Just like in respiration, electron transport moves protons across the membrane and those drive the ATP synthase. The first recipient in the chain is called “Plastoquinone” and it looks like this:
(That structure in the brackets is repeated 9 times). (The protein complex that gets the electrons next is called “cytochrome b6f”).You don’t have to know what all of them are.
There are two different photosystems (called
PSI and PSII) that can work together. PSI can also work on its own. Each has their own chlorophyl. In a pattern known as the “Z scheme,” electrons starting in PSII get passed though electron transport to PSI, where light excites it. Another electron RedOx reaction can pass two electrons onto NADP+, generating NADPH, the reduced form. This will be passed to the “synthesis” part, or Calvin Cycle. The Z scheme looks like this:Thylakoid_membrane

Some key points:
  1. In the Z scheme, or "linear electron flow," PSII is excited “first,” (there are many reaction centers all being hit more or less simultaneously. It’s just that to see the “scheme,” we have to imagine things happening in sequence).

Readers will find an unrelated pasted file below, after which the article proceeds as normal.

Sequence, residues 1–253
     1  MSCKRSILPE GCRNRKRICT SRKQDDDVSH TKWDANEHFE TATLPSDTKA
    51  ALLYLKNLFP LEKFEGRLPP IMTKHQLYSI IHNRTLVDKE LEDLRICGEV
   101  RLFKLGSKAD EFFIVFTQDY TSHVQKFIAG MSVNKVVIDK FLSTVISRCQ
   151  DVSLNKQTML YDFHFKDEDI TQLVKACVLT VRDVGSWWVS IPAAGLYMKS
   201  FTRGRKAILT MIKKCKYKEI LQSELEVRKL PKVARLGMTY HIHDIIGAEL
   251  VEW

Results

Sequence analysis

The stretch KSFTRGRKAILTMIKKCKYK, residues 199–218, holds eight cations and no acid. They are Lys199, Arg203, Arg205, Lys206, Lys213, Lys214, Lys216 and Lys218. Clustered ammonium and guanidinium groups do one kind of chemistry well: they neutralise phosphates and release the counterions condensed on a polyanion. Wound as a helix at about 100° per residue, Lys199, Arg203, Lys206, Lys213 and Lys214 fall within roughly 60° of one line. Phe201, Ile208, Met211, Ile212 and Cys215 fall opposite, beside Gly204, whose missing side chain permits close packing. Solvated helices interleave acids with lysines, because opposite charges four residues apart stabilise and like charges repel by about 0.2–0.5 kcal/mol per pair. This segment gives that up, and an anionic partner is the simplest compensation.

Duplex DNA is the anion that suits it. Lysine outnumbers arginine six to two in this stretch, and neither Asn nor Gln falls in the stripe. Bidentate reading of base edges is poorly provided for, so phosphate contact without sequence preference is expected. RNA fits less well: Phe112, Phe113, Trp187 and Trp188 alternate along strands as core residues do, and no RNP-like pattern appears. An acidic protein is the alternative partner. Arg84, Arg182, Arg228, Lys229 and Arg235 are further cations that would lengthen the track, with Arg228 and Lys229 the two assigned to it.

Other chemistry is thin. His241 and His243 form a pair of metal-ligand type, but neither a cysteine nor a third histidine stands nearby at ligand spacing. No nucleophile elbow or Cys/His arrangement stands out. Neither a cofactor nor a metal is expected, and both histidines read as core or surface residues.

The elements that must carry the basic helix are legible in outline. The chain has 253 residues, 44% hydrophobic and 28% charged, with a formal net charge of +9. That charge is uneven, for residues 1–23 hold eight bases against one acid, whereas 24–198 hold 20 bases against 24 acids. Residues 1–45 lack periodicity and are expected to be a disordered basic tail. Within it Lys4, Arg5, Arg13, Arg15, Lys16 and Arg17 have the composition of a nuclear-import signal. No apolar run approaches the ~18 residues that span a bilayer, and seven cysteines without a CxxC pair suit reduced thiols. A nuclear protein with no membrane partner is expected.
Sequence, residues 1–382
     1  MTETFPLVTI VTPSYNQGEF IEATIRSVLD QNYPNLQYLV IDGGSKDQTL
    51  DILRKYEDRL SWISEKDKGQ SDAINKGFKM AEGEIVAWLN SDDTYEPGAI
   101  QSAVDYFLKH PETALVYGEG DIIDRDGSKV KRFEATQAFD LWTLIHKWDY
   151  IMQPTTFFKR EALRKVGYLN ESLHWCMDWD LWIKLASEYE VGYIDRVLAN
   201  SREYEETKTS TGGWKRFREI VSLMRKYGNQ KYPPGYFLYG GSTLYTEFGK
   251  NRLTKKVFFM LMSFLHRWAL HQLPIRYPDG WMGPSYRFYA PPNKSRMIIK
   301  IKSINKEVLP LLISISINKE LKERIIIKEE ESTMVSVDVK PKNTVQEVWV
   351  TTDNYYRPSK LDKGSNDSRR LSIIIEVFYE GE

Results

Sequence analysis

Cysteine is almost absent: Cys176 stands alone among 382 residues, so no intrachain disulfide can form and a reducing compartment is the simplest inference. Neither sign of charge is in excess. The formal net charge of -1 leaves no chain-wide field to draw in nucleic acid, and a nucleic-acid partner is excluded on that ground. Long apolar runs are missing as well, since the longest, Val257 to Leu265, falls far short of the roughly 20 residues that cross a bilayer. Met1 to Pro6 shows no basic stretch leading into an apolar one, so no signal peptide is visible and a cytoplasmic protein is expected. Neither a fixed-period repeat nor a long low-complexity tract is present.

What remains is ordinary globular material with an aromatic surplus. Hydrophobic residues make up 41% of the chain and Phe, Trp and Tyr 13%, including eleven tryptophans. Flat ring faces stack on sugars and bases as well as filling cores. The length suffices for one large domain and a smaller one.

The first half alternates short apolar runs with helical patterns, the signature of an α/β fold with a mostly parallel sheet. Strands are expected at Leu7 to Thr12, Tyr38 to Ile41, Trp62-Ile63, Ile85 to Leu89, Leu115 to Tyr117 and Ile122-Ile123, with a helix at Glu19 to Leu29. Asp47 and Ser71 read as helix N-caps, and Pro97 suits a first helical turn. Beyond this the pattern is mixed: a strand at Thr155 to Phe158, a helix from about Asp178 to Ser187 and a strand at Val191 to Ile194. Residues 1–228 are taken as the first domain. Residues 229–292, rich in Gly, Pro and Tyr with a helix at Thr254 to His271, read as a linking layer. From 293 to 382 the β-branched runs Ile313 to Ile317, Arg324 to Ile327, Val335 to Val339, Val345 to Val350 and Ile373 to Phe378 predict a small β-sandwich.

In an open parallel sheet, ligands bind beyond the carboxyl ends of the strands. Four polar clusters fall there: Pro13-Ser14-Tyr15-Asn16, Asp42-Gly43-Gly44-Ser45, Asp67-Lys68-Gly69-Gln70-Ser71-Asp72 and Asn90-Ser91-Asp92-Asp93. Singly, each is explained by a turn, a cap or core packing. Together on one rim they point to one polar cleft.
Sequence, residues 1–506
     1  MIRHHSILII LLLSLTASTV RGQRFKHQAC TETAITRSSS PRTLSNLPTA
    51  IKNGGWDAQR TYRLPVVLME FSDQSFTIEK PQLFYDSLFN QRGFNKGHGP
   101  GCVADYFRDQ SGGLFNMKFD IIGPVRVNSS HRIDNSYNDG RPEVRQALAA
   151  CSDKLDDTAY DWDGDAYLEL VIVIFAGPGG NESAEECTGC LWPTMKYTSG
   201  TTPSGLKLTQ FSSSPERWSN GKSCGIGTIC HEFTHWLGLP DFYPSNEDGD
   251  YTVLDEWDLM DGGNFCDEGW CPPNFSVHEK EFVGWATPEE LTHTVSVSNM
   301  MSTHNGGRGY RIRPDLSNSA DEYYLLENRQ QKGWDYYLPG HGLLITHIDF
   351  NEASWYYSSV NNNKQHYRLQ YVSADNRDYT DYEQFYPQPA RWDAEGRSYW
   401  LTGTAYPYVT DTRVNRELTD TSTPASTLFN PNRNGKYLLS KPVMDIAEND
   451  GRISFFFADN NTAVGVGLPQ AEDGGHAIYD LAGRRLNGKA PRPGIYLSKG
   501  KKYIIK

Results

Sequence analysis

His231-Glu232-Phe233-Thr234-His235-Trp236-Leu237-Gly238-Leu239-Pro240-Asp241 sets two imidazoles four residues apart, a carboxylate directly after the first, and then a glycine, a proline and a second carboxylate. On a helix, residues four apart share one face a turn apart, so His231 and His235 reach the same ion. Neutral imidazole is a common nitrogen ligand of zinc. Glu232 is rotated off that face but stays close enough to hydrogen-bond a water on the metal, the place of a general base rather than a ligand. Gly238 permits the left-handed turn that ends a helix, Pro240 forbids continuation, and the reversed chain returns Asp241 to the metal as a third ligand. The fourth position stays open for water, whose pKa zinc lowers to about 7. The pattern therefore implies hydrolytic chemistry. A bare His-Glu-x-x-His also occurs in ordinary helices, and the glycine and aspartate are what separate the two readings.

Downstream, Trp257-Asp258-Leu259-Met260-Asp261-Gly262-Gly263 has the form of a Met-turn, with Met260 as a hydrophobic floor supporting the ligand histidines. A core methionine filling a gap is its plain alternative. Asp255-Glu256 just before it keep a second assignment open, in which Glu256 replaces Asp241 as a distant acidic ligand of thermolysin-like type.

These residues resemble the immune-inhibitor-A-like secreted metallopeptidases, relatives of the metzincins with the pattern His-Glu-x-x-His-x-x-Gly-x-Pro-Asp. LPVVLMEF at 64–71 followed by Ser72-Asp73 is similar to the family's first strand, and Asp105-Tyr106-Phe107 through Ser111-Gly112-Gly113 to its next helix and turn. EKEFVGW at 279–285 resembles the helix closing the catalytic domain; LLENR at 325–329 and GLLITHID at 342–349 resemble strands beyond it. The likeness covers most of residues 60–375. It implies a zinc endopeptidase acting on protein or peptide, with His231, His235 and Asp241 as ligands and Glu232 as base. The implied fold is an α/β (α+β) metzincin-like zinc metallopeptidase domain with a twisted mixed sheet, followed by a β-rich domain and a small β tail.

2. Electrons leave PSII, passed to Plastoquinone (PQ). They are replaced by electrons taken from oxygen in water (a rare case of oxygen being oxidized). This generates O2, which is good for us.
  3. At some point PSI also gets hit by a photon of the right energy. That electron is can be passed directly to an iron-containing protein called “Ferrodoxin” and eventually used to reduce NADP. The electrons are replaced by electrons coming down the from the PSII system.
  4. The Z scheme is also called “linear flow” of electrons because they appear to start at one place (PSII) and pass down the chain, eventually leaving the system.